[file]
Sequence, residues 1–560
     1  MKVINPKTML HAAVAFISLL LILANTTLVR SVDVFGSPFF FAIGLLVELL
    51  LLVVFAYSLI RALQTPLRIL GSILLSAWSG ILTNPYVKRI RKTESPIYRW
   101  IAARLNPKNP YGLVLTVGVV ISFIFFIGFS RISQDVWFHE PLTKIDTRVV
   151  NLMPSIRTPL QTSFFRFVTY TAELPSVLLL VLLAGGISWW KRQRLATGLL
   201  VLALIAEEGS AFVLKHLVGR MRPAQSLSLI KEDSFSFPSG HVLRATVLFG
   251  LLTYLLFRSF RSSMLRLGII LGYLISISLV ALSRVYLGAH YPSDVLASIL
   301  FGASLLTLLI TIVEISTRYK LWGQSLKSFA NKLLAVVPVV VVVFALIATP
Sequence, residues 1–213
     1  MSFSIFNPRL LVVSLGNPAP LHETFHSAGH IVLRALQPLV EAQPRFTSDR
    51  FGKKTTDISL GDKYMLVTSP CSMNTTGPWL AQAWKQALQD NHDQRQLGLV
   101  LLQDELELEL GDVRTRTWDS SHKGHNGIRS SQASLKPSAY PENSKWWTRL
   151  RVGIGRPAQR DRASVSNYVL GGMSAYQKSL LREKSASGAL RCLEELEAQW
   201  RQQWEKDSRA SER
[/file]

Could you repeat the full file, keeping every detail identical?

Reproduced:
Sequence, residues 1–560
     1  MKVINPKTML HAAVAFISLL LILANTTLVR SVDVFGSPFF FAIGLLVELL
    51  LLVVFAYSLI RALQTPLRIL GSILLSAWSG ILTNPYVKRI RKTESPIYRW
   101  IAARLNPKNP YGLVLTVGVV ISFIFFIGFS RISQDVWFHE PLTKIDTRVV
   151  NLMPSIRTPL QTSFFRFVTY TAELPSVLLL VLLAGGISWW KRQRLATGLL
   201  VLALIAEEGS AFVLKHLVGR MRPAQSLSLI KEDSFSFPSG HVLRATVLFG
   251  LLTYLLFRSF RSSMLRLGII LGYLISISLV ALSRVYLGAH YPSDVLASIL
   301  FGASLLTLLI TIVEISTRYK LWGQSLKSFA NKLLAVVPVV VVVFALIATP
Sequence, residues 1–213
     1  MSFSIFNPRL LVVSLGNPAP LHETFHSAGH IVLRALQPLV EAQPRFTSDR
    51  FGKKTTDISL GDKYMLVTSP CSMNTTGPWL AQAWKQALQD NHDQRQLGLV
   101  LLQDELELEL GDVRTRTWDS SHKGHNGIRS SQASLKPSAY PENSKWWTRL
   151  RVGIGRPAQR DRASVSNYVL GGMSAYQKSL LREKSASGAL RCLEELEAQW
   201  RQQWEKDSRA SER